Brexit panic: Boris urged tear up ‘dangerous’ EU deal as ‘Brussels red tape’ laid bare
Boris Johnson on Brexit trade deal 'teething problems'
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The leader of the Traditional Unionist Voice (TUV), Jim Allister, warned Northern Ireland risks being shackled to EU policy on medicines and vaccines from 2022. Urging Boris Johnson’s Government to ensure no countries in the UK will have to endure the EU’s vaccination strategy proven to be a fiasco, in the future, Mr Allister called for the controversial Brexit protocol to be ripped apart.
The TUV leader was told by Health Minister Robin Swann in the Northern Ireland Assembly that the country was only part of the UK’s vaccine rollout because of the protocol.
Mr Swann said: “The UK Government and the EU Commission agreed a 12-month period to allow industry time to prepare for the regulatory and supply chain changes that will be required to comply with the protocol by January 1, 2022.
“A long-term approach was also sought to ensure no barriers to the movement of medicines into Northern Ireland.”
But Mr Allister hit back arguing that for the grace period, Northern Ireland “would be tied to the failed and failing EU policy on vaccination”.
He added: “The success of the UK vaccination programme is a telling reminder of just what the benefits of Brexit are to a liberated United Kingdom.
“Freedom from bureaucracy and Brussels red tape meant the UK was able to lead the world in protecting its citizens.
“This answer from minister Swann is a stark warning that the dangers of the sea border to Northern Ireland are not just constitutional.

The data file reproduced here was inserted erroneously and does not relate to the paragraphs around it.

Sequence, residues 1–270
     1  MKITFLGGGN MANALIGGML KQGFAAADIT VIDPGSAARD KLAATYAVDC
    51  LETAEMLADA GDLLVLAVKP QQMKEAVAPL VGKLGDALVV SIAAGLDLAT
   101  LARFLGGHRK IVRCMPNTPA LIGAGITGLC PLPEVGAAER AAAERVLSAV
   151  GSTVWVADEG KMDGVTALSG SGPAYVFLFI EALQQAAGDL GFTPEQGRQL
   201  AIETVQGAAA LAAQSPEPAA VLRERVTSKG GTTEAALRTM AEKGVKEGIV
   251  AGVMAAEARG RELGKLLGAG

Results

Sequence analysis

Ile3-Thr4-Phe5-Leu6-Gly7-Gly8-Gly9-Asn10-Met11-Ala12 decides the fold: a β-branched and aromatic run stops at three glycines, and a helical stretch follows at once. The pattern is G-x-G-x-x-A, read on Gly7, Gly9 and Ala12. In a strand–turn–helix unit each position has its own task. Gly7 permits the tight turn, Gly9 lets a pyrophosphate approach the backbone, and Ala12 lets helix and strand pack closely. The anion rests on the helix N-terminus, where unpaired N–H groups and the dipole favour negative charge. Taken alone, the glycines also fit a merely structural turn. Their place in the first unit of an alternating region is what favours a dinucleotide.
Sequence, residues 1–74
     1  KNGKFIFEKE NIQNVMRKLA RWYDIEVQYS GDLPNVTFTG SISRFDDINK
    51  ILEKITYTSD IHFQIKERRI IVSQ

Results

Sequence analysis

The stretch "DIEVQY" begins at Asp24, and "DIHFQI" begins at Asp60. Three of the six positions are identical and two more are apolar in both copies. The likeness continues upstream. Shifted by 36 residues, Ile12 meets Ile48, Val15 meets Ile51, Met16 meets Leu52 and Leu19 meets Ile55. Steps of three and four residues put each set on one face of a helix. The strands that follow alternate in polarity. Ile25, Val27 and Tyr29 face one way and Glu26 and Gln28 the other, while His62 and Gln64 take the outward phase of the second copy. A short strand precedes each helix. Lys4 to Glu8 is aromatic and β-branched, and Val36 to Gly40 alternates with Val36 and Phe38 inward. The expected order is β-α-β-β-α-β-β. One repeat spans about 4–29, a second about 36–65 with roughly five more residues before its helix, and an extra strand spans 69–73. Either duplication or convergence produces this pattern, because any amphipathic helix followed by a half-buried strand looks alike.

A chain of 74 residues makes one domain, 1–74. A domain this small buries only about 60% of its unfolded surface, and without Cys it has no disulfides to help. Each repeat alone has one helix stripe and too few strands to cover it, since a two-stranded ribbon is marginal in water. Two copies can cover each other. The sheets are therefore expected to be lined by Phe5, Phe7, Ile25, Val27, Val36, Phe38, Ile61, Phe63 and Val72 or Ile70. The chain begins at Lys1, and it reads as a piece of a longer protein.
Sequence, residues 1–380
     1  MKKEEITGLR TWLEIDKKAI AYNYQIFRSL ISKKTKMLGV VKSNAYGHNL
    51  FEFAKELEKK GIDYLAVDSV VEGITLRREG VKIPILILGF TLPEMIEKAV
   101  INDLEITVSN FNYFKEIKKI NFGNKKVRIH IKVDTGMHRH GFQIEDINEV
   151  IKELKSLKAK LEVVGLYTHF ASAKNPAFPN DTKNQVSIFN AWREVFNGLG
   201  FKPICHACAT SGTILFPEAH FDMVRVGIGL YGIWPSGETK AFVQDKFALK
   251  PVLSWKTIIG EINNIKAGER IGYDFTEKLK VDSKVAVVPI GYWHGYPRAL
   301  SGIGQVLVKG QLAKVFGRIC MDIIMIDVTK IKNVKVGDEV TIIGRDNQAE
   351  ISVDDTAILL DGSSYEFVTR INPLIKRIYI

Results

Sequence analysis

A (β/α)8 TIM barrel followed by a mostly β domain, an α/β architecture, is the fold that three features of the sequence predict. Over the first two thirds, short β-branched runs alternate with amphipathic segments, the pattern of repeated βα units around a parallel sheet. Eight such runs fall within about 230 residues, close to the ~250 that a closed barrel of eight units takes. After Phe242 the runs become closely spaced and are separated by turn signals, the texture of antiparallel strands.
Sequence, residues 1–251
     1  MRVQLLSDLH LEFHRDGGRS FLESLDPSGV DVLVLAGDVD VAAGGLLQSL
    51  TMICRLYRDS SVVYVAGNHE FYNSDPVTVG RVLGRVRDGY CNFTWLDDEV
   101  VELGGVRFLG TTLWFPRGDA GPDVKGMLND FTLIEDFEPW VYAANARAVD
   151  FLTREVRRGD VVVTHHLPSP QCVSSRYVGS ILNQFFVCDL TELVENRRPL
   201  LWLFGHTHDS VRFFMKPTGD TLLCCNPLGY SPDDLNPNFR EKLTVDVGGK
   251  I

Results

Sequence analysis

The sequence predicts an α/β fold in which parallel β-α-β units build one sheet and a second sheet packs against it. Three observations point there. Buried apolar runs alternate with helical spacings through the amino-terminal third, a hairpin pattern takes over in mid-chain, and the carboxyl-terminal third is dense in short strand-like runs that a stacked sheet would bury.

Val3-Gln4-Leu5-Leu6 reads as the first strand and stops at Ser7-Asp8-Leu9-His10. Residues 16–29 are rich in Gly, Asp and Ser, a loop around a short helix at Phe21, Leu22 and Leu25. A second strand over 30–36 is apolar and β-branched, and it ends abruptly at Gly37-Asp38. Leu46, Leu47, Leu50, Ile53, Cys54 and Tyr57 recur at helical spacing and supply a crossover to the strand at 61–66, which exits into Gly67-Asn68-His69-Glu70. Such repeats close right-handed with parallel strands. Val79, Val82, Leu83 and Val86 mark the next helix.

“Gone are the days when people used to argue that the protocol would result in us having the best of both worlds.
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“We now need to face up to the fact that the protocol would be, if fully operational as it is set to be next year, quite literally bad for your health.”
It comes as the Government last week unilaterally extended grace periods limiting bureaucracy linked to the Northern Ireland Protocol until October. They had been due to expire at the end of March.
The UK also temporarily lifted the protocol’s ban on plants potted in soil in Great Britain from entering Northern Ireland.
The European Commission is preparing to take legal action against the Government, accusing it of breaching the terms of the protocol, which governs trade to Northern Ireland post-Brexit.
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Northern Ireland First Minister Arlene Foster has branded the Commission’s reaction to the UK move to delay full implementation of new Irish trading arrangements as “hysterical”.
Mrs Foster expressed confidence the Government would defend any legal action brought by the commission.
She said: “As I understand it from the Secretary of State (Brandon Lewis) last week, the Attorney General has indicated that the small moves that were made by the United Kingdom Government are legal and therefore any legal action that will be taken I’m sure will be fought.
“I hope that doesn’t end up being the case.
“I think there has been a bit of a hysterical reaction actually to some very small moves.
“You know the position of my party.
“We believe that we need to see the protocol replaced because it’s the architecture of the protocol which is causing all of these difficulties.”
Mrs Foster said she did not detect a willingness from the Commission to engage with the Government to resolve issues related to the protocol.
She said: “I don’t see any evidence of any negotiations ongoing at this present moment in time.
“I see a lot of megaphone diplomacy actually.
“It would be really good if there were some listening ears for a change, in relation to the damage that is happening here in Northern Ireland, from the European Union, and there was a real and tangible engagement in relation to the problems that we have.”
The protocol is a post-Brexit arrangement designed to keep the Irish border open by ensuring Northern Ireland continues to follow the EU’s trading rules.
It achieves that by keeping Northern Ireland aligned to various EU rules, requiring checks on goods arriving into the region from Great Britain.
The DUP has vowed to overthrow it over fears it damages the integrity of the UK internal market and Northern Ireland’s place in it.
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